Living in Paris, the City of Love or Light, is the adventure of a lifetime, whether it was romance, work ,or just a desire to know it that brought you there.
American expats though find themselves in the unenviable position of having to file US taxes despite living abroad.
This is because the US is unique among developed nations in taxing based on citizenship rather than on residency. This in turn means that all Americans have to file US taxes, wherever they live or earn.
It’s not a very intuitively obvious concept, and many Americans living overseas aren’t aware that they still have to file US taxes. Fear not however, and read on to discover everything you need to know about filing US taxes as an American expatriate living in Paris - including how to catch up with you filing without facing penalties if you need to.
1 - Know your US filing dates
All Americans who earn over around $10,000 (or just $400 of self-employment income) are required to file a US tax return, wherever in the world they live or earn. While any taxes due are still due by April 15th, expats have until June 15th to file their US tax return, with a further extension available until October 15th upon request.
Along with form 1040, further forms may need to be filed to claim some of the exemptions that can reduce or eliminate US tax liability, and some expats may also have to report their foreign assets.
Separately, expats who have to report their foreign bank accounts by filing an FBAR (Foreign Bank Account Report) to FinCEN should do so before April 15th, though again an extension is available until October 15th.
2 - Consider claiming the Foreign Earned Income Exclusion
Some good news at last: the Foreign Earned Income Exclusion lets Americans living abroad exclude the first around $100,000 (the exact figure rises a little each year) of their income from US tax. However, the Foreign Earned Income Exclusion isn’t applied automatically: if you want to claim it, you still have to file a tax return, and attach form 2555.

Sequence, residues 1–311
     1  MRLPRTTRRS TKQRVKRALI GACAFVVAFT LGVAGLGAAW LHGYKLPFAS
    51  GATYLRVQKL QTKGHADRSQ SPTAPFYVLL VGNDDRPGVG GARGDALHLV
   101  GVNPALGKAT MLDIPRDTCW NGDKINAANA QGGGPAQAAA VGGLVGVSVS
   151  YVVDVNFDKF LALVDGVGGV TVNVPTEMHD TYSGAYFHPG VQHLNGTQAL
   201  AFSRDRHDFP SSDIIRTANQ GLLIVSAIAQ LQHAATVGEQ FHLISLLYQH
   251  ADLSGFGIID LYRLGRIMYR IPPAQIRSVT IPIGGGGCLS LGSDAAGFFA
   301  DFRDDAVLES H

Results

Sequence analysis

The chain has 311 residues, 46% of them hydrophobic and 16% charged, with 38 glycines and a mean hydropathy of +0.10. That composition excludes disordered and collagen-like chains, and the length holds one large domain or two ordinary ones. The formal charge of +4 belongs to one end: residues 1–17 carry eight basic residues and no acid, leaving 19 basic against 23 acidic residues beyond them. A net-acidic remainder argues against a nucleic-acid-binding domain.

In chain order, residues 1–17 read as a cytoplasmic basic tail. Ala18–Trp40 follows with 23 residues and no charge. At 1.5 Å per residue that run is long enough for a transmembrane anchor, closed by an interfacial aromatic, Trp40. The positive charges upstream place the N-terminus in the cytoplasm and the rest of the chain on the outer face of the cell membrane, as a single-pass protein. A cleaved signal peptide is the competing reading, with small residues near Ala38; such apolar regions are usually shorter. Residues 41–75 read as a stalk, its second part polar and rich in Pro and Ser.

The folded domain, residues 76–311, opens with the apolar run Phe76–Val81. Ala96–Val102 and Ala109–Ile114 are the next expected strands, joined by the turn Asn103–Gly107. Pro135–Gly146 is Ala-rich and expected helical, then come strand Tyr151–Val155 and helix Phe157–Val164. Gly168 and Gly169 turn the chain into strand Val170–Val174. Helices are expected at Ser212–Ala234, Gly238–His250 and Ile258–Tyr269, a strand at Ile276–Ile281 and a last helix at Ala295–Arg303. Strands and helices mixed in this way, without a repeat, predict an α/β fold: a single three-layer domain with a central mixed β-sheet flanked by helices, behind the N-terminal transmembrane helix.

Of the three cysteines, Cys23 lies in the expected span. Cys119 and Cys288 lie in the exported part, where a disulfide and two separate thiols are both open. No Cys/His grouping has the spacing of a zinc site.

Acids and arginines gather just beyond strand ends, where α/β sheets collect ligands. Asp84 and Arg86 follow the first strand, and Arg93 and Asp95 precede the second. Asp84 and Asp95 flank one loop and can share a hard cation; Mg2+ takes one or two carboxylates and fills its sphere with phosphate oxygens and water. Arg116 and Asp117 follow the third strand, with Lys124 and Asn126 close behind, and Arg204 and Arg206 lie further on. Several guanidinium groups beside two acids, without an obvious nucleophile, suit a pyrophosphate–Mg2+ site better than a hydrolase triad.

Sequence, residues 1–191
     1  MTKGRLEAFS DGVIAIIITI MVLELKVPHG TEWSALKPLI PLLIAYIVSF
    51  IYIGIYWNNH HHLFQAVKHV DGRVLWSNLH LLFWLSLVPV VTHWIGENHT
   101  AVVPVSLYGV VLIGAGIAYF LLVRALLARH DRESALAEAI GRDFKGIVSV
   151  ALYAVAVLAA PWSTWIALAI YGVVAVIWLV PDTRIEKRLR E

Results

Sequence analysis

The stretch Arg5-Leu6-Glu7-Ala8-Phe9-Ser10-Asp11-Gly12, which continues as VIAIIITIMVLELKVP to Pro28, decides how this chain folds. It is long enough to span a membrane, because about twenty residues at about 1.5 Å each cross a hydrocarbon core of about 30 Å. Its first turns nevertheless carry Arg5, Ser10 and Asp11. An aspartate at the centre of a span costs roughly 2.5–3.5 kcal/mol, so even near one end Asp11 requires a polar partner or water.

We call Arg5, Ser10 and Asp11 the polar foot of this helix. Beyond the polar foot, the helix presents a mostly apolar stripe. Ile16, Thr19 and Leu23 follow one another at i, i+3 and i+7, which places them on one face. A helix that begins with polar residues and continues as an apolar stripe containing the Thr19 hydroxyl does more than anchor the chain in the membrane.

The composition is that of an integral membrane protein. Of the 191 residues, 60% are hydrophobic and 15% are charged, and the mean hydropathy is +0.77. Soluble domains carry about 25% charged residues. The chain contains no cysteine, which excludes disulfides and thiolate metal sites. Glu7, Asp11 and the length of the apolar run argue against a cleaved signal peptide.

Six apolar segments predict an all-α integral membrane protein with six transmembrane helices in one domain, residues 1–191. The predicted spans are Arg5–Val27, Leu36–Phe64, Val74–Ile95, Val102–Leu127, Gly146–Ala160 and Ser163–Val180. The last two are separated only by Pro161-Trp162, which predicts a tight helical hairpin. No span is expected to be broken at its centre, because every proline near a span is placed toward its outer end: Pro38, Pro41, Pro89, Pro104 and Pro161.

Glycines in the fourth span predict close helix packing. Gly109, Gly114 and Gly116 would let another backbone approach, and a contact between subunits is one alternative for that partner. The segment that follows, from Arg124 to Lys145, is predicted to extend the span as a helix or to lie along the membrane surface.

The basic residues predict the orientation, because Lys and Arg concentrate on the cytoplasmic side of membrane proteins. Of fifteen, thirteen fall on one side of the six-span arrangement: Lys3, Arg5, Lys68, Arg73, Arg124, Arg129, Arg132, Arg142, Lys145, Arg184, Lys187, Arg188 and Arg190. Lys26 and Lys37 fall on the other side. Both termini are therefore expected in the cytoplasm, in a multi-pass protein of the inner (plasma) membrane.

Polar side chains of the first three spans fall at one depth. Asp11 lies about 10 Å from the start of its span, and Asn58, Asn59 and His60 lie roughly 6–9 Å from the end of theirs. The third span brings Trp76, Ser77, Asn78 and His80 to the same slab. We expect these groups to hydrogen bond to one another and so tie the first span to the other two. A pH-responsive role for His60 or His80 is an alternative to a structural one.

You also have to prove that you live abroad by meeting one of two tests.
The Bona Fide Residence Test requires you to prove that you are a permanent resident in a foreign country. So, if you have settled in Paris, you’ll probably have a property rental agreement and/or utility bills, or a work visa, or an employment contract, or other ways of proving your permanent residency.
Alternatively, the Physical Presence Test requires you to prove that you spent at least 330 days abroad in a 365 day period that overlaps with the tax year. Note though that you can only claim the Foreign Earned Income Exclusion for the days you spent abroad that overlap with the tax year.
If you can meet the requirements of one of these two tests, you can claim the Foreign Earned Income Exclusion by filing form 2555 with your US tax return.
3 - Consider claiming the Foreign Housing Exclusion
If you are claiming the Foreign Earned Income Exclusion, you rent your home in Paris, and you earn over around $100,000, you can also claim the Foreign Housing Exclusion (or the Foreign Housing Deduction, if you’re self-employed).